Creating a flower bed - 3 basic criteria you need to know beforehand

A flower bed is a feast for the eyes once it has been created. Before that, however, there is a lot to consider so that the flower bed project does not fail.

Even if a garden is often designed as a utility garden, beauty must not be neglected. Flowers in all possible colors are at the heart of your garden, if they are planted carefully. You can already see that planting a flower bed can be a very time-consuming job, but after this one-time campaign you have an eye-catcher that everyone will envy you for.

In your mind you can already see how everything is sprouting, but it doesn't happen that quickly. You need a plan, which is best done on site, i.e. in your garden. Step by step it has to be considered where and how the flower bed should be laid out.

1. Location & size

The size and shape of your flower bed depends on the local conditions. The more space you have, the better. First, think about the shape of the flower bed. Curved beds, in the form of a "wave", particularly loosen up a long, rectangular garden. If you want to start a little smaller, a flower border, parallel to the garden path, is sufficient. It is important in any case that you get to all the flowers later and do not have to struggle over the discounts like an artist. If in doubt, also create intermediate routes.

The soil is rarely optimal. A previously unused space must first be cleaned. This means that you remove weeds from your future bed and then loosen it up. So that the flowers can grow well later, the soil must be permeable to water. If waterlogging occurs, as is often the case with clay soil, the plants can rot (in the case of clay soil, follow the tips from the soil specialist center).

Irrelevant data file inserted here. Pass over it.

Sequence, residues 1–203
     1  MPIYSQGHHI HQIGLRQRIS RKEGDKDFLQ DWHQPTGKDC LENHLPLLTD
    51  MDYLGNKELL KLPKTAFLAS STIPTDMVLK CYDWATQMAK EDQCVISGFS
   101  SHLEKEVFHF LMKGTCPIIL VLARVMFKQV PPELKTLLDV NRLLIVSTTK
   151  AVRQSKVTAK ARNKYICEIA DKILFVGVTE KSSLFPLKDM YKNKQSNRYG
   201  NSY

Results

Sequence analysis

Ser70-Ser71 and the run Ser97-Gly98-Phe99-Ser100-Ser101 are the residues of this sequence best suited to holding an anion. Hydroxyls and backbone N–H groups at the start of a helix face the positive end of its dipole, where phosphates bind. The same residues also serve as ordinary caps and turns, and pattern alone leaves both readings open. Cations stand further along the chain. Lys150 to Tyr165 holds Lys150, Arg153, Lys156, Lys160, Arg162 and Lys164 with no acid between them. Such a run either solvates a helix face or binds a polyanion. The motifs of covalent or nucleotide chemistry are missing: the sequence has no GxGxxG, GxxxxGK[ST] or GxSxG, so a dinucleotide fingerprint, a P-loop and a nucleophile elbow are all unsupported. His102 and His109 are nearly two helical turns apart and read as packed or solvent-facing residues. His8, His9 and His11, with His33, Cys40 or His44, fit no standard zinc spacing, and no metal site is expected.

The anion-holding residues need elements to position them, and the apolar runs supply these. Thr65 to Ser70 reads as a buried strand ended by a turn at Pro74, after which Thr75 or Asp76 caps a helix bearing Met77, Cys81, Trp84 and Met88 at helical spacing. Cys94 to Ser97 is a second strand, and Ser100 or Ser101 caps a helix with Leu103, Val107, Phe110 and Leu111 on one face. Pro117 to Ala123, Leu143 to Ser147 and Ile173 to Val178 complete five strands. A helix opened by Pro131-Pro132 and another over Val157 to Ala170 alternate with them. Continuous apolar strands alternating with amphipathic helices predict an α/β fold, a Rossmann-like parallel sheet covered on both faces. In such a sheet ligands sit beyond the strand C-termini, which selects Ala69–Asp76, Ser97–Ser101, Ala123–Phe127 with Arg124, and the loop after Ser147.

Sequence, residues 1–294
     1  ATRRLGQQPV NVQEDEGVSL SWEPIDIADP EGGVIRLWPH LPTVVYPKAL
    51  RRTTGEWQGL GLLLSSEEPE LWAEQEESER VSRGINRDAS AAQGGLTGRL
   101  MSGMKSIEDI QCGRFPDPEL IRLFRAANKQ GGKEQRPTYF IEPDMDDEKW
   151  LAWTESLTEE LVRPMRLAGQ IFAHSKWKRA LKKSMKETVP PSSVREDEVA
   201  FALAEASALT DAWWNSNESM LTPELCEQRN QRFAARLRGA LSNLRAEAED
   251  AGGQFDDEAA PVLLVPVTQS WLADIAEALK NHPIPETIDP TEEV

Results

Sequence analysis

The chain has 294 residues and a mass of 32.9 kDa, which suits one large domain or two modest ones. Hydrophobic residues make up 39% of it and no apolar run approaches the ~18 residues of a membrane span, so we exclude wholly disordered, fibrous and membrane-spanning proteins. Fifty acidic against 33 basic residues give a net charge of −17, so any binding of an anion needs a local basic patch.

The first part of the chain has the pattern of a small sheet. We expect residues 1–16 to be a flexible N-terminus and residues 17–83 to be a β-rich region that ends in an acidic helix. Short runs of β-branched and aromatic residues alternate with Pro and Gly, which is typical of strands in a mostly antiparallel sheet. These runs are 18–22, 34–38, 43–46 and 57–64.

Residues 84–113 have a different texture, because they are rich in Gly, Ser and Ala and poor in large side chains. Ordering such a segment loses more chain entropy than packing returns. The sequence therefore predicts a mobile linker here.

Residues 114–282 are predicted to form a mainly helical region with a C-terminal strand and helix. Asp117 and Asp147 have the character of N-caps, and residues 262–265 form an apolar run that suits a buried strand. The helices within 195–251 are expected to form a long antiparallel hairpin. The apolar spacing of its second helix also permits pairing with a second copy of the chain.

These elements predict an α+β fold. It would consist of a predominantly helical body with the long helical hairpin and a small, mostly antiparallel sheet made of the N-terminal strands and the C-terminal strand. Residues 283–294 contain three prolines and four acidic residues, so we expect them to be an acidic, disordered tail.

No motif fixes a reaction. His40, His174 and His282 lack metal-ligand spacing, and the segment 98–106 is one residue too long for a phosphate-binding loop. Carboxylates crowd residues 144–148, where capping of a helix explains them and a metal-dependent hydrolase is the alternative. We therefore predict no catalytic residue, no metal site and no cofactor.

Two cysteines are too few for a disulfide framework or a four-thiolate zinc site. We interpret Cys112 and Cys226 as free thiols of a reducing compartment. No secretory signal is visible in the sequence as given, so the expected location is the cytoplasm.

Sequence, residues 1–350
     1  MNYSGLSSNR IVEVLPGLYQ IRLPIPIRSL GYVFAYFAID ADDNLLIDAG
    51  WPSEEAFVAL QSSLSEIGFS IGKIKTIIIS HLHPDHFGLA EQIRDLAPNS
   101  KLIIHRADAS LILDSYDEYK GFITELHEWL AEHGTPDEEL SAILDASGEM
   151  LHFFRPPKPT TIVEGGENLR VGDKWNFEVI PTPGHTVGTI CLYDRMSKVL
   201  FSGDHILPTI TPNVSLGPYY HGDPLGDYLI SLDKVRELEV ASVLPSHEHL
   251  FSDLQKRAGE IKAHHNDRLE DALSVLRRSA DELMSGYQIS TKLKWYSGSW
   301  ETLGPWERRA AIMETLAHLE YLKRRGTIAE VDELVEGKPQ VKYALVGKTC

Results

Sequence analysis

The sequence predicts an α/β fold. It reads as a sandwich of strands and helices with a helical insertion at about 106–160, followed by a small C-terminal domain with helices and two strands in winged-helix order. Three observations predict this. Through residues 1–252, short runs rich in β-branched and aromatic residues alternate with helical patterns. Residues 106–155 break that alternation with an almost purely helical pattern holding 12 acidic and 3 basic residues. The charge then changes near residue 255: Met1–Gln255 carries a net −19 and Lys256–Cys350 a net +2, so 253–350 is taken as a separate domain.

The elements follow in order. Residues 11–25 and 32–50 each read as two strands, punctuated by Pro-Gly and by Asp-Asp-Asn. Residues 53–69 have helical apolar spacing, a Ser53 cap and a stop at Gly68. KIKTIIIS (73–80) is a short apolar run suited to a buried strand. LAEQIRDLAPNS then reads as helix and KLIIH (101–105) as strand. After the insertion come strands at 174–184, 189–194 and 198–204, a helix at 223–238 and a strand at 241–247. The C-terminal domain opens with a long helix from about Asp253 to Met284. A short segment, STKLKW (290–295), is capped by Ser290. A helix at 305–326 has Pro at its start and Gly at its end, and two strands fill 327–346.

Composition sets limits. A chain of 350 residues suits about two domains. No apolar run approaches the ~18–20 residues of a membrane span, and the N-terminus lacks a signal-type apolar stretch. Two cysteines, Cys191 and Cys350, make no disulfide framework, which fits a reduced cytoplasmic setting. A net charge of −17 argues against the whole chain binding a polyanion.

2. Selection of flowers and arrangement

Either you already know exactly which flowers should decorate your future bed, or you need inspiration. In the first case: congratulations! In the latter case, just keep reading here.

Do you have favorite flowers? Then it goes without saying that these plants find a place on your flower bed. For the further selection, it is best to pay attention to the respective growth height. Flowers or perennials, which you can find in abundance at, are best planted from "large" to "small". So tall plants in the back row, low growing flowers in the front. This creates a harmonious overall picture.

A second tip that I want to give you is planting after flowering. Even though most flowers have their main flowering season in spring and summer, with a little thought you will have a magnificent flower bed all year round. Here are a few suggestions:

Spring flowering

  • crocuses
  • daffodils
  • snowdrop
  • tulips
  • Märzenbecher
  • primroses
  • ranunculus

Summer flowering bulbs

  • geraniums
  • petunias
  • gladioli
  • dahlias
  • roses
  • astilbe
  • coneflower
  • bellflower
  • chocolate flower

Autumn flowering

fat chicken
  • fat chicken
  • chrysanthemum
  • Autumn Aster
  • monkshood
  • Autumn crocus
  • Autumn Anemone

Winter flowering

  • Viburnum
  • Winter jasmine
  • Hellebore
  • Witch Hazel
  • Winter Cherry
  • mucus berry
  • Winter Mahonie
  • Winterling

Extra tip: A border around the bed is not absolutely necessary, but I recommend edging. This makes subsequent bed maintenance much easier, weeds are "slowed down", mowing the lawn is easier.

3. Take care of maintenance

They really do exist, the hobby gardeners who see gardening as pure relaxation and can really relax when weeding. For most gardeners, this is more of an annoying evil. If you belong to the latter faction, keep in mind that a flower bed also needs some care.

Slow-growing plants are one way to limit maintenance, because you don't have to use garden shears to cut away dead flowers and stems. Weeds are kept in check by, for example, inserting a water- and air-permeable fleece in the ground. This at least prevents weeds from spreading deep into the earth. A layer of mulch helps curb weeds between plants.